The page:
Mrs. Knight: The instruments relate to the introduction of CREST, which is why I, and not a Minister from the Department of Trade and Industry, am introducing the second of them. CREST is the new computerised securities settlement system that is being built for the City by a project team on loan from the Bank of England. CREST is important to London's international competitive position and is on target for inauguration on 15 July this year. The main CREST regulations were brought into effect last year, but inevitably with such a significant project several pieces of legislation need amending. First, I want to make a few points about the Financial Services Act 1986 (Uncertificated Authorities) (Extension of Scope of Act) Order 1996, which is an investor protection measure. The Committee will have heard the announcement last October that people who input instructions to CREST on behalf of CREST members and sponsors will need to be authorised under the FSA. To ensure that that happens, the order extends the definition of investment business that is set out in schedule 1 to the Act. The basic CREST design consists of a core settlement system, which will automatically process settlement instructions from participants, who will communicate with CREST through terminals or gateways. The CREST gateways will be connected to the central system by communications networks. The whole system, from the gateways, through the networks, to the central system, is highly secure and the Securities and Investments Board will check the security arrangements as part of its consideration of CREST's approval application. A Crest member with his own gateway for sending Crest instructions purely about settlement of his own securities will be expected to make his own security arrangements. There will, however, be situations in which persons have access to Crest to send settlement instructions on behalf of investors. First, there are the 4 Crest-sponsored membership arrangements, whereby a Crest participant with his own gateway sends Crest instructions on behalf of sponsored Crest members. Secondly, some companies might offer to run Crest members' gateways on their behalf, while others might operate or maintain systems that format messages from Crest members' own computer systems into instructions that are acceptable to the gateways. Much the same investor protection considerations apply in all those circumstances. The order is intended to bring the provision of such services within the regulatory framework. The FSA regulators propose to use their existing regulatory structure to implement the policy so that any additional work should be minimal. In most cases, existing regulatory resources should be sufficient, both in the affected firms and in the regulatory bodies. Most affected firms will already be subject to FSA regulation in respect of other categories of investment business. Even firms that will have to seek FSA authorisation for the first time do not expect regulatory costs to be high. That is reflected in the compliance cost assessment that was produced for the order, copies of which are in the House Library. The CCA estimates total industry costs at substantially less than £100,000 per year. The main provision of the order is subparagraph 2(1). The new category of investment business focuses on the acts of sending, or causing the sending of, Crest instructions on behalf of another person.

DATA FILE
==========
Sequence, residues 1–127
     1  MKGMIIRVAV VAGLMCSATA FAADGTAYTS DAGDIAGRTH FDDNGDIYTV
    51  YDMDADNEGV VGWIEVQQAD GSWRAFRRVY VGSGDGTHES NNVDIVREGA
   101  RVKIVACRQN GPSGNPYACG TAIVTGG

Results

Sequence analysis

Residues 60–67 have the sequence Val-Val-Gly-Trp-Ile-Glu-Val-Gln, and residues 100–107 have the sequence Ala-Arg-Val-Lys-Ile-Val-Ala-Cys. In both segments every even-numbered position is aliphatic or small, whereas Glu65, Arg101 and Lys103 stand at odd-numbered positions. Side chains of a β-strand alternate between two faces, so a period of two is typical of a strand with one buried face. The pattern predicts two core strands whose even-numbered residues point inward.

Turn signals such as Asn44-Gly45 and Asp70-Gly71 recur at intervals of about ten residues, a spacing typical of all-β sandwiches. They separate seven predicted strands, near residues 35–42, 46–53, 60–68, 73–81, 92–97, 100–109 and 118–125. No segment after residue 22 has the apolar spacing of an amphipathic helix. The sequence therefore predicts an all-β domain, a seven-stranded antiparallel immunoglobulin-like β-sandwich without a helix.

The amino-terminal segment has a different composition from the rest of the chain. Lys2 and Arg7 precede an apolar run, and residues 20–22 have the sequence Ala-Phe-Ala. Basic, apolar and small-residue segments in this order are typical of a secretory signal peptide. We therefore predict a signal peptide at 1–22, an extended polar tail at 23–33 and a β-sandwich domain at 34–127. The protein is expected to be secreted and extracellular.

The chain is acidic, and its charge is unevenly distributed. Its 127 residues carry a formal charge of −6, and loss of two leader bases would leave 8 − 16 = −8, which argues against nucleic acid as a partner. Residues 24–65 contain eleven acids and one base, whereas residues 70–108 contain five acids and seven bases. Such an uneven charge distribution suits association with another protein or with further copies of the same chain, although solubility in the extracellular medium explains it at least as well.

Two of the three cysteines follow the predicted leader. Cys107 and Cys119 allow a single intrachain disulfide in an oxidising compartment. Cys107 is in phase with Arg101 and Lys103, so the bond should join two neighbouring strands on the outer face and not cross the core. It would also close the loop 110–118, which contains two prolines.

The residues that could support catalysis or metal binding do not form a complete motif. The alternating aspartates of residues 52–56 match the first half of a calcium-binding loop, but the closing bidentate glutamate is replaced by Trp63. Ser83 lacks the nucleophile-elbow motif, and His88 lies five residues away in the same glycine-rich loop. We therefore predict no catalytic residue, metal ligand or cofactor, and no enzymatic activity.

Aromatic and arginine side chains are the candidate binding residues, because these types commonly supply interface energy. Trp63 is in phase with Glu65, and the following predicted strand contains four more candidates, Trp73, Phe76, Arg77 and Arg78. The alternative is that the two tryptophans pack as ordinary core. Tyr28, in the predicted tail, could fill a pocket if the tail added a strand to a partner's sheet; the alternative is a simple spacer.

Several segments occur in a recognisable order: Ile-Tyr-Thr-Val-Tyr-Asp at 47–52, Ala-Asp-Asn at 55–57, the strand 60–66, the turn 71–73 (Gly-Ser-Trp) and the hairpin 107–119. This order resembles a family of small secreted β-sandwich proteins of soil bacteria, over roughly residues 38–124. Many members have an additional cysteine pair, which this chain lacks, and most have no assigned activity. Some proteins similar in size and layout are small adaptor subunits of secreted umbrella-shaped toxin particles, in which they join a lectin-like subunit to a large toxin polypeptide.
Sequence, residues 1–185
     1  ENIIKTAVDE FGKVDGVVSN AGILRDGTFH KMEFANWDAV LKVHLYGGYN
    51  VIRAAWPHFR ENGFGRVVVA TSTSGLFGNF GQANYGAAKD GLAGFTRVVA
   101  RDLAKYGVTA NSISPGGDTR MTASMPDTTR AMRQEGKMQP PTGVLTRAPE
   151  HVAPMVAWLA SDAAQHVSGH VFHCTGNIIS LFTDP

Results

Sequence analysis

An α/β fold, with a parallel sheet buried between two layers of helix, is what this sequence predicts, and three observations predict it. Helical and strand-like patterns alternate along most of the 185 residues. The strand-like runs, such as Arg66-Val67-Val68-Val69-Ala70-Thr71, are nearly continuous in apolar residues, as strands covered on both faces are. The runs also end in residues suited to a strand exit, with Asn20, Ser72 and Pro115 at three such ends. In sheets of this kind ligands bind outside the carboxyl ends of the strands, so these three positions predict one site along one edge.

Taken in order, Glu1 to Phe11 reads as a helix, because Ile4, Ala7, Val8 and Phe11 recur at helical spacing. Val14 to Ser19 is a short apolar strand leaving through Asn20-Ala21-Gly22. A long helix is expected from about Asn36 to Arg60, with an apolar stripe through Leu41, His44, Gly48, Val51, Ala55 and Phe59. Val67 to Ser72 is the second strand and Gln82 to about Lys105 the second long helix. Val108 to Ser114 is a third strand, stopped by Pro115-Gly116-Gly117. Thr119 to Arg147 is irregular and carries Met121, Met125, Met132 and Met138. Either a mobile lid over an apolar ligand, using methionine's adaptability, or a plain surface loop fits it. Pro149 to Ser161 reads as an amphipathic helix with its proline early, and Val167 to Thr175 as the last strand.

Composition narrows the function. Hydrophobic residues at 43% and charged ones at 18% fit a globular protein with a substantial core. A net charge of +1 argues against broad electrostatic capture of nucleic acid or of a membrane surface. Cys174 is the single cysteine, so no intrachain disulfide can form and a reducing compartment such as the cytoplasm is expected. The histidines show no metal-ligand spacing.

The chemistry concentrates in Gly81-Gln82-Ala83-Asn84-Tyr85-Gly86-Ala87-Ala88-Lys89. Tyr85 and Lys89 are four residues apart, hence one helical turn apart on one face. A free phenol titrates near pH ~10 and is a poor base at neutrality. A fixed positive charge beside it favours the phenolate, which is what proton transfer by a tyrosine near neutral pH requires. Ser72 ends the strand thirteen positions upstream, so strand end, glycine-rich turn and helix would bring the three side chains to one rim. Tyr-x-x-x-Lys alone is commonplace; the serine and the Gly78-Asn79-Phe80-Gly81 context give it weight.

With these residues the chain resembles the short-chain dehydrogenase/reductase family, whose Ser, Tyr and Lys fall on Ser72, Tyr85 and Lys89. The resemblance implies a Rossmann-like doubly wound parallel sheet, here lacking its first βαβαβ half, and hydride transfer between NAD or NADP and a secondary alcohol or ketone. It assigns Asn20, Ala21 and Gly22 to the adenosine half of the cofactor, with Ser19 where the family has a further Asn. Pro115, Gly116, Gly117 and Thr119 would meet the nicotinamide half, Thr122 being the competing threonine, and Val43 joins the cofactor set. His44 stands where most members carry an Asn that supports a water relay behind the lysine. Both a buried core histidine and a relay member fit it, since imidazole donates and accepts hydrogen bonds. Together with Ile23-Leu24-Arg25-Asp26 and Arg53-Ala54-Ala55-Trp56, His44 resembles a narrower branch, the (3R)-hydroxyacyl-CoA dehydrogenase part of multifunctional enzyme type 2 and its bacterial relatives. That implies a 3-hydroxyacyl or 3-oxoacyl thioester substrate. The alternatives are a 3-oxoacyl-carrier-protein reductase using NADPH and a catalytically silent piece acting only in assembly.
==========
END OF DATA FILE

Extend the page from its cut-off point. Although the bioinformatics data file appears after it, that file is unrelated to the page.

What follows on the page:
Mr. Alistair Darling (Edinburgh, Central): If it would help, Mr. Hicks, I should make it clear that I do not want to make a speech because we all agree that this is a good measure. I have one question, however. The Minister said that the order deals with dematerialised instructions. What is the difference between instructions and advice? The common understanding of them is different, but would dematerialised advice be covered in the order?